The pop star, 30, fielded questions Thursday at a press conference in Houston. And though she played coy, avoiding specifics to keep the event a “surprise,” Gaga dished on what we can expect.
Here’s what she had to say.
What songs will she sing — and will the meat dress make a reprise?
“We went through my whole career and we chose songs that we hope that both the football fans and the people who are just tuning in for the halftime show will enjoy,” Gaga said when asked if she’ll be playing some of the classics from her five-album catalog, like “Alejandro” and “Edge of Glory.”
As for the number of outfit changes she has planned, “I don’t like to use the word cram when it comes to fashion. There’s some exciting stuff,” she said of her wardrobe, later adding: “I will tell you that there will be no meat dress there, so don’t wait for that. “
Things may get political.
“The only statements that I’ll be making during the halftime show are the ones that I have been consistently making throughout my career,” Gaga said. “I believe in a passion for inclusion. I believe in the spirit of equality and the spirit of this country as one of love and compassion and kindness. My performance will uphold those philosophies.”
Furthermore, she hinted at the values she holds dear that are fueling the show when asked if her goal is to “unify America.”
“I don’t know if I will succeed in unifying America — you’ll have to ask America when it’s over,” said Gaga, who campaigned for Democratic presidential nominee Hillary Clinton before Donald Trump was elected.
“Music is one of the most powerful things the world has to offer. No matter what race or religion or nationality or sexual orientation or gender that you are, it has the power to unite us,” Gaga added. “This performance is for everyone. I want to more than anything to create a moment that people will never forget. Not for me, but for themselves. That’s what I remember about great Super Bowl performances in the past, when you really get lost in the moment with your family.”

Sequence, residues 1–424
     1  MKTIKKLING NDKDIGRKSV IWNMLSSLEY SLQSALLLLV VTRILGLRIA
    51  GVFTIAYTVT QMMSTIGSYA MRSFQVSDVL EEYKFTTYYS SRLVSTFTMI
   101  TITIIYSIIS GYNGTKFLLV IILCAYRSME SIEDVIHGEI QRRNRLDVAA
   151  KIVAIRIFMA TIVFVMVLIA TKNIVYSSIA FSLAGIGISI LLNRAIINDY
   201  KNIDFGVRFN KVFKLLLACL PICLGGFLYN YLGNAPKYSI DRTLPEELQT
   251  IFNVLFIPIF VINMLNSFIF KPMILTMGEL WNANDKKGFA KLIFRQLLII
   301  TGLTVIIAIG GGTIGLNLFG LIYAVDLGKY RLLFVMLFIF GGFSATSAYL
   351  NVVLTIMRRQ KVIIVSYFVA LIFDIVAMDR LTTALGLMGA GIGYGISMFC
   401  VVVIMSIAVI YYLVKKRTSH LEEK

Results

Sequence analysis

Last month, a tabloid report sparked whispers that the National Football League would try to bar the artist from getting “political” — a report the NFL slammed.
“This is unsourced nonsense from people trying to stir up controversy where there is none. The Super Bowl is a time when people really come together. Lady Gaga is focused on putting together an amazing show for fans and we love working with her on it; we aren’t going to be distracted by this,” an NFL spokesperson told PEOPLE in a statement.
The halftime show is dedicated to her fans — and “that kid that couldn’t get a seat at the cool kids’ table.”
“When I am working on different projects and I have my up and my down days, as everybody does in their lives, it is really my fans that are the reason that I do all of this,” she said. “They have a tremendous spirit and an outlook on the world — on its ability to change, on its power — and I’d say one of the things I’m most excited about for this halftime show. As much as it is a great moment for me in my life, I really feel like it wasn’t given to me, it was given to them. That kid that couldn’t get a seat at the cool kids’ table and that kid that kicked out of the house because his mom and dad didn’t accept him for who he was? That kid’s gonna have the stage for 13 minutes, and I’m so excited to give it to them.”
Beyoncé probably won’t perform with her … or will she?
Gaga’s 2009 “Telephone” collaborator headlined the show in 2013 and returned last year to open it with “Formation.” After Gaga captioned an Instagram post with a bee emoji — both Queen Bey’s hometown and the 2017 home of the Super Bowl — fans began speculating on a reunion.